We will continue to work with all residents to do what we can to help. Additionally, we look forward to continuing a dialogue with the City about the tools that can be used to help address affordability in our growing City.

The story seems to be striking a chord with many Seattle residents and has been widely covered by the local media including reports by KING 5KPLU and Seattle Weekly.

The My Ballard team is in touch with Lockhaven Tenants Union organizer David Stoesz and we will continue to update readers with more information in the coming days.

Photo courtesy of Seattle Weekly.

19 thoughts to “Lockhaven residents hold press conference in bid to hang on to their homes”

  1. Well, I care what her name is, and that of any elected representative, for starters. Bet plenty of others do, too. Good luck, Lockhaven residents.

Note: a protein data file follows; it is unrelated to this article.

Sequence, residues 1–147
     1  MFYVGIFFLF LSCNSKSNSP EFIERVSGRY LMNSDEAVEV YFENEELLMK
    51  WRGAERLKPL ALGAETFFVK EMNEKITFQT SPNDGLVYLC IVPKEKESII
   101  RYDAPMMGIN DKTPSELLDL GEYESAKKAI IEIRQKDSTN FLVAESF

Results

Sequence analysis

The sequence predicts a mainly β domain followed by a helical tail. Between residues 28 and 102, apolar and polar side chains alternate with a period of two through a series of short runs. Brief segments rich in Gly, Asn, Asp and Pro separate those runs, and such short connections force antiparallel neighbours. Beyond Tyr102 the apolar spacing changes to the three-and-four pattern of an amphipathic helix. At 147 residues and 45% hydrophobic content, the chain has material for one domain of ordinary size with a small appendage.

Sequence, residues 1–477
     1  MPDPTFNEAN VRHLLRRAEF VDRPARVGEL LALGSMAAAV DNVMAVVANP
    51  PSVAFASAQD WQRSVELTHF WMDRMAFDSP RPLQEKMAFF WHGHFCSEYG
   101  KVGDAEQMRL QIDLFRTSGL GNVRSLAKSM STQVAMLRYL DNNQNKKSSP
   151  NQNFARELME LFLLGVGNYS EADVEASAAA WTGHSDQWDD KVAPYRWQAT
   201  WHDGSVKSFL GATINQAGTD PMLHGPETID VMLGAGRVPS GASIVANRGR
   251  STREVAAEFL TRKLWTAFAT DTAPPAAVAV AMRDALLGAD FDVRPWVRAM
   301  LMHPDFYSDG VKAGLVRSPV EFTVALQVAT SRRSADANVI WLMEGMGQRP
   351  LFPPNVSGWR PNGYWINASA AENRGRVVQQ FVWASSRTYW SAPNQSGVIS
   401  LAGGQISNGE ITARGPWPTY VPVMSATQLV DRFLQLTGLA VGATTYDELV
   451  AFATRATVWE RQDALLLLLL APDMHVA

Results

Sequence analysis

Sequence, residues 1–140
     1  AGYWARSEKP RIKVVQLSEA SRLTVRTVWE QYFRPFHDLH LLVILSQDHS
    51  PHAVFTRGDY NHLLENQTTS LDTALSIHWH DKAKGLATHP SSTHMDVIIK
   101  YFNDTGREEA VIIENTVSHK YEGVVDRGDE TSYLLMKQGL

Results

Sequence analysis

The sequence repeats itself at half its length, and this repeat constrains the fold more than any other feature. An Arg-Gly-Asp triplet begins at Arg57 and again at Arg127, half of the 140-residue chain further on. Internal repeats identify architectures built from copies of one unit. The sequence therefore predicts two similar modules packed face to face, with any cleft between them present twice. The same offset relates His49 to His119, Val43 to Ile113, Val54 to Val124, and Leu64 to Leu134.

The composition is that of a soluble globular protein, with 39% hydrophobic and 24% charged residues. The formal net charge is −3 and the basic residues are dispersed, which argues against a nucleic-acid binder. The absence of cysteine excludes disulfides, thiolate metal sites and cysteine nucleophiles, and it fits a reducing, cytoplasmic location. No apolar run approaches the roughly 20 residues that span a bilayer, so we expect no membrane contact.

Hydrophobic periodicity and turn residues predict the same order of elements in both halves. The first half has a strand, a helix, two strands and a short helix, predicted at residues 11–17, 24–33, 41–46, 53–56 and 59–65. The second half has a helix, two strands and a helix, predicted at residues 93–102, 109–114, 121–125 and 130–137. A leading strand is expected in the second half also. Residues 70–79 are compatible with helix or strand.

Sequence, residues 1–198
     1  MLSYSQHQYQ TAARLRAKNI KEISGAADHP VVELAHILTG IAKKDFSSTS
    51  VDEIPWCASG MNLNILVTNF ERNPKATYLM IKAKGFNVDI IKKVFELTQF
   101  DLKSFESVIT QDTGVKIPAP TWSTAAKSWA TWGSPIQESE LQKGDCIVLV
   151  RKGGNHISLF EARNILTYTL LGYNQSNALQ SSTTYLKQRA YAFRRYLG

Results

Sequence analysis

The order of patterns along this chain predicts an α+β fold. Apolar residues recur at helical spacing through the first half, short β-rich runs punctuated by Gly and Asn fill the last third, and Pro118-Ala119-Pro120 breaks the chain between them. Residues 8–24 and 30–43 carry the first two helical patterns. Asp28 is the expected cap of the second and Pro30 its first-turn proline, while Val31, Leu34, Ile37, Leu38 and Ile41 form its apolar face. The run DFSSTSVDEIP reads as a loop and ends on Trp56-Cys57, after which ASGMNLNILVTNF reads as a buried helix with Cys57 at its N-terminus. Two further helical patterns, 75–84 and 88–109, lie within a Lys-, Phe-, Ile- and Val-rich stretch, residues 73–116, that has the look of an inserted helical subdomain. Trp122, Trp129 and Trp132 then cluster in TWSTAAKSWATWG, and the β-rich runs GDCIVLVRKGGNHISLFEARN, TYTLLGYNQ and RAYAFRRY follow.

2. “Six months ago, Goodman Real Estate purchased the 22-building, 138-unit complex. ”

    Are there really 22 buildings down there? It does not seem that big.

    A kwama savant sounds like someone who knows a lot about the elder scrolls.

  3. Goodman bought Lockhaven from the start, he owns both GRE & Pinnacle. He merely uses Pinnacle to run his properties that he owns under the GRE banner.

    yes there are 22 buildings there, 5 in the first courtyard, 7 in the middle court yard, 4 in the courtyard off 32nd & market, 4 more in the courtyard off 32nd & 56th and lastly 2 more on 56th just past 30th.

  4. a correction: Goodman Real Estate (GRE) purchased Lockhaven 6 months ago from a Ballard Family that had owned it for over 50 years prior. Pinnacle never owned Lockhaven, they merely manage it on behalf of GRE Lockhaven

  5. People should just start parking their cars in front of his house. He lives right next to Anthony’s in the spot that used to be Azteca. He deserves a traffic headache, no?